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Nearly 2,000 people marched through the streets of Madrid on Saturday to denounce Spanish Prime Minister Pedro Sanchez’s decision to end Spain’s neutrality in Western Sahara. Eight days ago, Spain announced its support for the Moroccan autonomy proposal for the former Spanish colony.
Nearly 2,000 people demonstrated on Saturday March 26 in Madrid to show their support for Western Sahara and demand self-determination for this former Spanish colony, a few days after a reversal of the Spanish government in favor of Morocco on the subject.
“Sanchez, traitor”, “The Sahrawis decide, they are not your bargaining chip”, “The Sahara is not for sale”: many placards castigated the decision of Socialist Prime Minister Pedro Sanchez to suddenly support the plan defended by Rabat on the disputed territory of Western Sahara, and thus put an end to a diplomatic estrangement of almost a year.
“This is the latest betrayal perpetrated by the Spanish government,” lamented Pablo Marin, 63, amid Saharawi flags, but also flags of the radical left party Podemos, yet an ally of the government in the ruling coalition.
A year of diplomatic quarrel between Madrid and Rabat
Displaying its neutrality so far, Madrid publicly announced eight days ago its support for the Moroccan autonomy plan for Western Sahara, a vast desert territory rich in phosphates and with waters full of fish, which opposes Rabat to the Polisario Front, supported by Algiers, since the departure of the Spaniards in 1975.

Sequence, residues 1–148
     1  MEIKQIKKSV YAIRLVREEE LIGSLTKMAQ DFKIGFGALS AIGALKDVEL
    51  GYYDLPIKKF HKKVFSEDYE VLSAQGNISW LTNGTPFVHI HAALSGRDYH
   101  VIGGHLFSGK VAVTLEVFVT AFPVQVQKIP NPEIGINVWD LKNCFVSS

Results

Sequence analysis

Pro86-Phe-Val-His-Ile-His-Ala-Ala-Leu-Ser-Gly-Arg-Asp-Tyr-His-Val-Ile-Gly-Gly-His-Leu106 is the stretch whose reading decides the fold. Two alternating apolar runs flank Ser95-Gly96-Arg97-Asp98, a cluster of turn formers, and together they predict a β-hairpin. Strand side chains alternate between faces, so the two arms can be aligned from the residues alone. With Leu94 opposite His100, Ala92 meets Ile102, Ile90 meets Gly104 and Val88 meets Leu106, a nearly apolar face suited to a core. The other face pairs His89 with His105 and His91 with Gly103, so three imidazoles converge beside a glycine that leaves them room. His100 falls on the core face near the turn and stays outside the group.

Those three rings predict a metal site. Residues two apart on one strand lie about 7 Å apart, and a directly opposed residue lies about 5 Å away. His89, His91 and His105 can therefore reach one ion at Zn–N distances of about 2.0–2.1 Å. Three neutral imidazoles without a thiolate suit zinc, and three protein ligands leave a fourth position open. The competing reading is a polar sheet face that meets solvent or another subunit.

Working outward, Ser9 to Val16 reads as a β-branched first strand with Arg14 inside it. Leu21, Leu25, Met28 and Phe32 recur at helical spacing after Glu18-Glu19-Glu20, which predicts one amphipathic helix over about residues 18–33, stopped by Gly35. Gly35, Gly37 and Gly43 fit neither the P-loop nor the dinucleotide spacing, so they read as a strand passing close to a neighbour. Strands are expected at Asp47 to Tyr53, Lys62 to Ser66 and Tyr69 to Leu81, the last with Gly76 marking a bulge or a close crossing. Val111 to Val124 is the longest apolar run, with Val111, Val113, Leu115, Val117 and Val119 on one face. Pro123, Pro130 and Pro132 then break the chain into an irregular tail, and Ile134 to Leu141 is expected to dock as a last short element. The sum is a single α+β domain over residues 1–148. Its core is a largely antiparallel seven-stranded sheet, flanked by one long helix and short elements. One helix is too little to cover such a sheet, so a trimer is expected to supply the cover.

This resounding announcement comes after a diplomatic crisis, triggered in April 2021 by the reception in Spain, to be treated there for Covid-19, of the leader of the Polisario Front, Brahim Ghali, sworn enemy of Rabat.
Its climax was, a month later, the arrival of some 10,000 migrants of Moroccan origin in a few hours in the Spanish enclave of Ceuta, on the northern coast of Morocco, thanks to a relaxation of the border surveillance on the Moroccan side.
Coming from all over Spain, the demonstrators were around 2,000 on Saturday in Madrid, according to local authorities. Fatma Hamida, a 20-year-old student, came from Zamora, Castile and Leon, in northwestern Spain, to oppose “a decision by Pedro Sanchez and demonstrate for our freedom, our right to ‘have a territory of our own’.
The reversal of Pablo Sanchez criticized
“Angry”, Salome Brahim, a 28-year-old salesman from Valladolid, believes that the Sahrawis have been “the bargaining chip against the interests of the Moroccan kingdom”.
“Nobody knows why” Spain suddenly changed its position, and “that’s the problem”, he explains, when for almost fifty years and the departure of the Spaniards, Madrid remained neutral.
The conflict in Western Sahara, considered a “non-autonomous territory” by the UN, has pitted Morocco against the separatists of the Polisario Front supported by Algiers for decades.
Rabat, which controls nearly 80% of this territory, proposes an autonomy plan under its sovereignty while the Polisario calls for a self-determination referendum, planned when signing a ceasefire in 1991 but never materialized.